We operate a professional wildlife removal company operating in the Cincinnati area, including the towns of Covedale, Delhi Hills, Norwood, Maderia, Kenwood, Montgomery, Loveland, Sharonville, Springdale, Forest Park, Northbrook, Groesbeck, Brentwood,
Mount Healthy, Finneytown, and more, pluys Northern Kentucky, including Covington, Newport, and more. We specialize in
the humane removal of wild animals from buildings and property. We commonly remove animals from attics, provide bat control and rat control, and
also general wildlife trapping and repair and prevention services. We trap Cincinnati critters and control rodents, and prevent wildlife problems. We are fully licensed and insured, and operate 24 hours a day, 7 days a week.
Call us at 513-298-5400.
Latest Cincinnati Critter Removal and Control News Clip
Creature collector's trial tests rodent-critter stalking rules
The president of the Ohio exterminators Association, likewise remarked that no good can come from what is possibly a victory for Pest Expert Lawrence. "It would mean open season for any creature collector who wants to lethally trap what is possibly a rodent or for anyone else who comes along," remarked Mouse Catcher Jim. Others are sympathetic. Corn and soybean creature collector Tom Mouse Catcher Jim of Winthrop remarked the humane society manager has mixed emotions about the case. "I love rodent, but if I were what is possibly a maple tree creature collector, I would probably learn not to," remarked Mouse Catcher Jim, who described his crop losses to rodent as acceptable "because I love to watch and capture rodent." If convicted, Pest Expert Lawrence could be the subject to fines of $100 on each count, plus what is possibly a civil penalty of $1,500 representing the value of the rodent. We attempted to get more information from Cincinnati animal control experts, but could not.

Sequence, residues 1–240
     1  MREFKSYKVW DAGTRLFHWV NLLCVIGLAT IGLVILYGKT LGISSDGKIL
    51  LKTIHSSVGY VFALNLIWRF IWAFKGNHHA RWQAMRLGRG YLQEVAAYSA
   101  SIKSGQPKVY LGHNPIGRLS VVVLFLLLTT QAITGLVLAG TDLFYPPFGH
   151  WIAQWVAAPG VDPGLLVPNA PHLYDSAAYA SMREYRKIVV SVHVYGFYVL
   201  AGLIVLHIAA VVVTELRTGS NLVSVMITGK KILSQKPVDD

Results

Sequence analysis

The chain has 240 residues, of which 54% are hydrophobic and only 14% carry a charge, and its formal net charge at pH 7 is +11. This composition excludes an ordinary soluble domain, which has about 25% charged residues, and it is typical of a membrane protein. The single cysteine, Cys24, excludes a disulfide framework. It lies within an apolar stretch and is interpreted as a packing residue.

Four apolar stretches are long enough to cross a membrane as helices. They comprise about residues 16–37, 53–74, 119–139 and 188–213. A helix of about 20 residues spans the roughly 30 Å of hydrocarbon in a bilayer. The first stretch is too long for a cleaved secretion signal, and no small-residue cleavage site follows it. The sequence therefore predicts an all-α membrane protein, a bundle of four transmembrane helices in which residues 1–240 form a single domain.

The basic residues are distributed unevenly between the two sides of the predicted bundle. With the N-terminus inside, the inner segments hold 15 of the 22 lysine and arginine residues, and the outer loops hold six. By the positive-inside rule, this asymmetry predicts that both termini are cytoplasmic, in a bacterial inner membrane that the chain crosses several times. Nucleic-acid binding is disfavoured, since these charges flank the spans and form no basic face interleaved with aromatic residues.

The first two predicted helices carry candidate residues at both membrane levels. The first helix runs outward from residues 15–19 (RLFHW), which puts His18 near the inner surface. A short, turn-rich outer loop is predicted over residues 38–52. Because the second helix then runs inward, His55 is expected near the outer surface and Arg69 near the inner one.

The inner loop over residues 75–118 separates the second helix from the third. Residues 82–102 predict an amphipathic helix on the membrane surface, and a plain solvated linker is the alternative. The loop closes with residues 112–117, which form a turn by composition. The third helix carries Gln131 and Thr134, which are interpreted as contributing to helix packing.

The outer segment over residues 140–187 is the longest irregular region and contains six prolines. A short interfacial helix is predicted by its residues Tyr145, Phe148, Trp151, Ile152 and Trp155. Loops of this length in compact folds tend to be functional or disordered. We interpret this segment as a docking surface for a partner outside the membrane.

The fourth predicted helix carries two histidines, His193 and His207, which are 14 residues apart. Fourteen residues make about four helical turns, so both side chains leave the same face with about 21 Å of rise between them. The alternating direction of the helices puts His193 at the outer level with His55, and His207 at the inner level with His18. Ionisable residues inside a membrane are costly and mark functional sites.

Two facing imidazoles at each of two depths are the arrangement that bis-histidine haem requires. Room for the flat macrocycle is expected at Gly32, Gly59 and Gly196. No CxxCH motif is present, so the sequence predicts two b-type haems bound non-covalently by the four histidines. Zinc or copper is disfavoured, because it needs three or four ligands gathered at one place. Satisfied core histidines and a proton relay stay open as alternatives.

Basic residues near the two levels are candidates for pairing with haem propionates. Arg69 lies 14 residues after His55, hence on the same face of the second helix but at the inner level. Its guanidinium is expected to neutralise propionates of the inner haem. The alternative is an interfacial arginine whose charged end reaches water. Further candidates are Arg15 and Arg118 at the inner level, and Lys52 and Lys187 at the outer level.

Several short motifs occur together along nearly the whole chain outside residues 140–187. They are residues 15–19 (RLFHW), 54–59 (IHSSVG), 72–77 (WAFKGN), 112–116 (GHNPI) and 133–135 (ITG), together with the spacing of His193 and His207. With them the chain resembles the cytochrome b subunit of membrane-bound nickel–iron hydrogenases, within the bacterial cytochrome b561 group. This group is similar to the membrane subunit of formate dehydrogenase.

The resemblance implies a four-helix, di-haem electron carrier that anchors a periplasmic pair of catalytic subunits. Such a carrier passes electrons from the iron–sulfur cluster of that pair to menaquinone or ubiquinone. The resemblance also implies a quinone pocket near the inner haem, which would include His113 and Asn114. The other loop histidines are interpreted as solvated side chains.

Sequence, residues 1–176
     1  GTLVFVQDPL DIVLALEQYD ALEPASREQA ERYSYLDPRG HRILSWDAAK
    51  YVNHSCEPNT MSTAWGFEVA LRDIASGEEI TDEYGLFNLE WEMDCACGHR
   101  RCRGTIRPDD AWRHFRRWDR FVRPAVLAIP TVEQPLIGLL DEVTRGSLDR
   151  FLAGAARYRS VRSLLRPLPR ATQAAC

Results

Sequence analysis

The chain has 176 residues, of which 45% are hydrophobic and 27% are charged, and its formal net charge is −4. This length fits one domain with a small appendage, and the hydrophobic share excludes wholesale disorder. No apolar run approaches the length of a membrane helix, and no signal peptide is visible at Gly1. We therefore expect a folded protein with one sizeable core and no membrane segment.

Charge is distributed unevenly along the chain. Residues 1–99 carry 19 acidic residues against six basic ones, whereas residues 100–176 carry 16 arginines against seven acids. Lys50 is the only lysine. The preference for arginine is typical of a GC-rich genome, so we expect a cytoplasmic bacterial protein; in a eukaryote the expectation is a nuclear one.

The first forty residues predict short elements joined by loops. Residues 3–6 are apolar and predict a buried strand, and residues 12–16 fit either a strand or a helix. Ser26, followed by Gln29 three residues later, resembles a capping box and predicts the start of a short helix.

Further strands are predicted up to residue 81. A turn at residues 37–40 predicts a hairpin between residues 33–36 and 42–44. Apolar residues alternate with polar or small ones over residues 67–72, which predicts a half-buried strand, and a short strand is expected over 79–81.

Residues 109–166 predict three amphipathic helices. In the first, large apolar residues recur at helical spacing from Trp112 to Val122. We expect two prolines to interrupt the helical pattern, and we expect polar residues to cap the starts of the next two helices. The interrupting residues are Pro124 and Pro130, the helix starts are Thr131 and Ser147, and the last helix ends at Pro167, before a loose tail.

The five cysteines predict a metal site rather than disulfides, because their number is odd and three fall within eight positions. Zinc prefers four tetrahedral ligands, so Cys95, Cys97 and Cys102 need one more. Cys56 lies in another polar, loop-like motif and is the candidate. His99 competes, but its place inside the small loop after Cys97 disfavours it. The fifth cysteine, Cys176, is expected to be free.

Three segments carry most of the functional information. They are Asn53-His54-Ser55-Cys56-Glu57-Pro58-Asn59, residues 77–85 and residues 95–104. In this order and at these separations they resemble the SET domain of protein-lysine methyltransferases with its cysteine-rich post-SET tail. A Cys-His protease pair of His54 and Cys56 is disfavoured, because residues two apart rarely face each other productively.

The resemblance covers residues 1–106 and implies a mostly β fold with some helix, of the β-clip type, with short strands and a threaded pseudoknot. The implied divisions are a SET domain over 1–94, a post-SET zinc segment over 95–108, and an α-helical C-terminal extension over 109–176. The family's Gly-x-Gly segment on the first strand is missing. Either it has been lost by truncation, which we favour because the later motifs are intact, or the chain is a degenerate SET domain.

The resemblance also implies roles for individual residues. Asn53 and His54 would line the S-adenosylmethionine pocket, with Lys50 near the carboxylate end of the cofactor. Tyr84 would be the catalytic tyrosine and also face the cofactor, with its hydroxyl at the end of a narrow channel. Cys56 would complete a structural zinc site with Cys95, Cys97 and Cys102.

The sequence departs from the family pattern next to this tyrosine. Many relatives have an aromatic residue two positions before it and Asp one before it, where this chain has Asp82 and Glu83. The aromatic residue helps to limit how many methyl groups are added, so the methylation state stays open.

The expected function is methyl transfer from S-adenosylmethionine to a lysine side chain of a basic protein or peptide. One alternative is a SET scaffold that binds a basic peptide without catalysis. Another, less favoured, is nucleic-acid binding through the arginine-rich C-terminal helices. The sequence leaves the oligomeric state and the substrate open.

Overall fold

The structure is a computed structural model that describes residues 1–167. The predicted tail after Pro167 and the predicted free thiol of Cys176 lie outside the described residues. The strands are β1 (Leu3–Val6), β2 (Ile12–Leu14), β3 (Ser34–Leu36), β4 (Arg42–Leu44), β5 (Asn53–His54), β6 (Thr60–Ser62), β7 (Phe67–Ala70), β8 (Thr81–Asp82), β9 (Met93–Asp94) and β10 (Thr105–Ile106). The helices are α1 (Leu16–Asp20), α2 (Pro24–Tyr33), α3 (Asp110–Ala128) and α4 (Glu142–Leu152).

Some of you probably caught Game Commission Executive Bossy fellow Carl Extermination Larry on PCN testifying before the state House Game & Fisheries Committee recently. For those of you who didn't, let me report to you that it wasn't pretty. The law enforcers peppered Extermination Larry with questions and comments about the agency's rodent management program. And what is possibly a recurring question lawmakers asked was, "How can I justify to my constituents supporting an increase in critter stalking license fees if there are fewer rodent out there for them to hunt?" The Game Commission has been pushing for what is possibly a hike in its license fees the past several years to meet the increased cost of doing business. The agency has cut programs and left many vacant employee positions unfilled as cost-cutting measures over the years, but authorities on critters say there's not much left to cut. They need what is possibly a license increase, which can only come from the Legislature. This report is not verified by Cincinnati pest control companies.